Celtic’s now esteemed scouting system, which is led by John Park, has brought relatively unknowns to Celtic and made some of them Europe’s hottest properties, or so we thought.
Victor Wanyama, Fraser Forster and Gary Hooper all stood-out during our European campaign, which in turn has led to numerous clubs being interested in gaining their services.
At first there were talks of Arsenal, Manchester United and Liverpool all being interested in the three players mentioned above, and rightly so.
|Several English club have been watching Wanyama|
Despite this, it’s Premiership new boys Cardiff City who are chasing, and are favourites for our Kenyan midfielder.
I’m sure everyone on Twitter has seen the fans of Cardiff, Southampton and Reading slating Celtic and the SPL, claiming joining their club would be a significant step up for Wanyama or Hooper. You can see the slight amount of logic if he was joining the Premiership, but Reading? Championship Reading would be a step up? You can draw your own conclusions from that.
Celtic have already accepted a bid of £12m from Southampton last week but the midfielder’s agents, Rob Moore and Ivan Modia, dismissed the terms on offer and accused Celtic of trying to railroad a deal — with relations between the two parties now strained.
It is likely that Wanyama will join either Cardiff or Southampton, clubs that are surely below Celtic in terms of their reputation.
Today Liverpool have accepted a £6m offer for Jonjo Shelvey. If this England under-21 player is worth £6m, then surely whoever gets Wanyama for £12m will be laughing.
Wherever he goes, Celtic are going to make an extremely healthy profit, so I shouldn't lose that much sleep over the issue, but Wanyama has proved himself to be more than capable of joining a bigger club. What’s the rush? He’s still young and has plenty of time to make money. Sadly, it seems his agents might be doing the talking for him.
Another player in a similar boat is Englishman Gary Hooper.
Hooper, when playing in the Championship with Scunthorpe, outscored the then Newcastle striker Andy Carroll, who was then rewarded with a £35m move to Liverpool, only to leave for West Ham, for an expected £15m two years later.
Hooper was the player everyone was talking about in the January transfer window, with Norwich chasing the 31-goal hitman throughout the month – even sending a plane for him on the final day.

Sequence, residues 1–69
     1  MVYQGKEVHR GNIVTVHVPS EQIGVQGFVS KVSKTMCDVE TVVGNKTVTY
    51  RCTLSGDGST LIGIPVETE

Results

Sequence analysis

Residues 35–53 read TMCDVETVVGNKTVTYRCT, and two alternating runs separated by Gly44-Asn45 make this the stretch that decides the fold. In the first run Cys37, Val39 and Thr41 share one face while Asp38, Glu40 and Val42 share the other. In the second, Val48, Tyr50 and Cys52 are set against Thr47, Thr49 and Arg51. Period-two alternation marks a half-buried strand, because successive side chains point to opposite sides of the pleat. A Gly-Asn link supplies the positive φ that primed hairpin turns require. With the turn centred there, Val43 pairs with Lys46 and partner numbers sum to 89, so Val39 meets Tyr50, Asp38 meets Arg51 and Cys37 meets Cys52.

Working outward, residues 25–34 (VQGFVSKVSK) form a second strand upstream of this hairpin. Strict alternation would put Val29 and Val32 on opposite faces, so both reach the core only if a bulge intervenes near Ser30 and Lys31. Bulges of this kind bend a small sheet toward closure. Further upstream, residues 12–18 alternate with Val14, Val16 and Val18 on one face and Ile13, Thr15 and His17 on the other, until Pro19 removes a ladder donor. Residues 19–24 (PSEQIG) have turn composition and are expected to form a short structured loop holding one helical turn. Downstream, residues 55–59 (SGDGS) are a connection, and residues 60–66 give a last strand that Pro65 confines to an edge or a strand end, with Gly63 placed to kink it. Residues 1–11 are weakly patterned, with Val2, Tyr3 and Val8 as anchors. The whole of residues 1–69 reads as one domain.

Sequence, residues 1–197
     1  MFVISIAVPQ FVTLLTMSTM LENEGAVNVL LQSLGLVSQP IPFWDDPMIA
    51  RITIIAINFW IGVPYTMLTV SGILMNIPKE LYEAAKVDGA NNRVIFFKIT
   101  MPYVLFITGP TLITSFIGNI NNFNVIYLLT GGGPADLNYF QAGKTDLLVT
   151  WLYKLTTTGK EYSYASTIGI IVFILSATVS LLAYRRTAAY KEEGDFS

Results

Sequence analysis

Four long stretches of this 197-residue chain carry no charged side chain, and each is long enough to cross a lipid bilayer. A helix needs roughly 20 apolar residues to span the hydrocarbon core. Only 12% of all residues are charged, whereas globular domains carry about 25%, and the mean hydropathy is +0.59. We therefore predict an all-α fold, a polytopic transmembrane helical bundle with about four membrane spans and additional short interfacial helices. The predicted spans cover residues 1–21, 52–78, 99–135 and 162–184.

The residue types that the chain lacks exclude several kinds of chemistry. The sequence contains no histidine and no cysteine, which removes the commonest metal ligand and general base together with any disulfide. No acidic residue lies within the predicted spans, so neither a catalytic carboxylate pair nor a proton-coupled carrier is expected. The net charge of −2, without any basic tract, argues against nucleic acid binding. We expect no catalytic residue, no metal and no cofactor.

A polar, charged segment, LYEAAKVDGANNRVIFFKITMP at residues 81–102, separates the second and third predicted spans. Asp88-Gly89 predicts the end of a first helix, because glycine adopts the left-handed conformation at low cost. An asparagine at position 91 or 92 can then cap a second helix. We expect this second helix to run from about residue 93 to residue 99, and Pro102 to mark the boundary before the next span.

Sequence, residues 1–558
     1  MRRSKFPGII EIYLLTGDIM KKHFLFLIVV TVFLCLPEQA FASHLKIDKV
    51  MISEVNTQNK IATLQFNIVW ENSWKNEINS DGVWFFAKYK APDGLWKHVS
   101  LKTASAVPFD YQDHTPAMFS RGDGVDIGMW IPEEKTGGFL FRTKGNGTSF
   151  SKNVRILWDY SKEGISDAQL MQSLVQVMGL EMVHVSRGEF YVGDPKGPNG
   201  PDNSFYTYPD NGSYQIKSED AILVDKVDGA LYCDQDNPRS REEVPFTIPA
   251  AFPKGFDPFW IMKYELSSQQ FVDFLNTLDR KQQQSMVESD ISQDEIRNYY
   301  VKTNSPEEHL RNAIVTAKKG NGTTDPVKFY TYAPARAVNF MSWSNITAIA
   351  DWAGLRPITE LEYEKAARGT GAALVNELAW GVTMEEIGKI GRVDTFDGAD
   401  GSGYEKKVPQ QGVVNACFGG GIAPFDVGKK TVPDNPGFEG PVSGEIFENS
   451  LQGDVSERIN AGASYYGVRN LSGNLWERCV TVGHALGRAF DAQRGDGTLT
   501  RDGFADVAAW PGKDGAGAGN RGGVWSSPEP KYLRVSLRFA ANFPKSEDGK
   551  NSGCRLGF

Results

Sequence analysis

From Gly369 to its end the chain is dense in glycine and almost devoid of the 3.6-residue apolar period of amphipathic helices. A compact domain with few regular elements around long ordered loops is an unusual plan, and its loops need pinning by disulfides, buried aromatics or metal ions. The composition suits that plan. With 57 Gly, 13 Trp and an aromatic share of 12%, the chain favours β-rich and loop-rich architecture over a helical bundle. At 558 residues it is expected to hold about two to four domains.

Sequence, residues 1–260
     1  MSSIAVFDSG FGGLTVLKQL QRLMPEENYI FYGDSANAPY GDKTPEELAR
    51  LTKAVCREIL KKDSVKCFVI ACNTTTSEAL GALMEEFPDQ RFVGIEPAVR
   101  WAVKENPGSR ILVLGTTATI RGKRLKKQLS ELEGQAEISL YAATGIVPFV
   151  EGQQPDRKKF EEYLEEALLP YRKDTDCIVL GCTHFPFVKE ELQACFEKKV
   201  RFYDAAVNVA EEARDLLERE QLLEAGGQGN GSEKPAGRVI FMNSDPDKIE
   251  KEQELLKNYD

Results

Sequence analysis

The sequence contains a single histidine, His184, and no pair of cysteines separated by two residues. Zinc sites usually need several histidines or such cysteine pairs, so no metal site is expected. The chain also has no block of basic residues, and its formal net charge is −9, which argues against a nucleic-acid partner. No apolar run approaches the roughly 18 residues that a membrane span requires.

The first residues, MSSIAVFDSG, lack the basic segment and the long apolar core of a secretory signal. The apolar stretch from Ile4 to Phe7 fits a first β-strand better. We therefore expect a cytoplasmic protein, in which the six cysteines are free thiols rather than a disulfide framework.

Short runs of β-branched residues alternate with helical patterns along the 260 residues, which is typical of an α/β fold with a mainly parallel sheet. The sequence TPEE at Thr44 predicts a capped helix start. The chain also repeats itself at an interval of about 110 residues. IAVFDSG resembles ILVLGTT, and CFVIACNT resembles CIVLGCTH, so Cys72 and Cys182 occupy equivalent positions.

Despite shining in the Champions League, Hooper hasn’t been linked with top Premiership clubs. Instead there are talks of Hull and Reading wanting him to move down south.
|Hooper scored 31 goals in all competitions last year|
Going by his attitude on the pitch since Christmas, I think it’s clear that Hooper would fancy a move away from Celtic. If this means to Reading or Hull, then that’s his decision. Will moving to one of these clubs really boost his chances of getting an elusive England call-up? Surely the Champions League is a better platform for him.
Former Celtic striker, Frank McGarvey had this to say about Hooper;
"I understand the financial pull of a club that can effectively double your wages.
"But what Gary also has to ask himself is what are his ambitions?
"Celtic's aim this summer is to have a crack at the Champions League again – and there is silverware and medals on offer too."
Times have changed for Celtic, they can’t compete with the ludicrous amounts of money that the English clubs have to spend, but not that many years ago Celtic aces were getting their chance to move to the big teams.
Liam Miller, a flop, I know, got his dream move to Manchester United. Hooper and Wanyama are significantly better players than the Irishman.
Henrik Larsson went on to play for Manchester United and won the Champions League with Barcelona.
One of my favourite Celtic players from recent years is Georgios Samaras. Not only for his qualities as a player, but he has shown the kind of commitment and passion to Celtic that is a rare thing in today’s footballing climate. This quote from the Greek sums up the attitude that every footballer with ambitions and morals should abide by.
“At the end of my career, I'd rather count my medals than count my money.”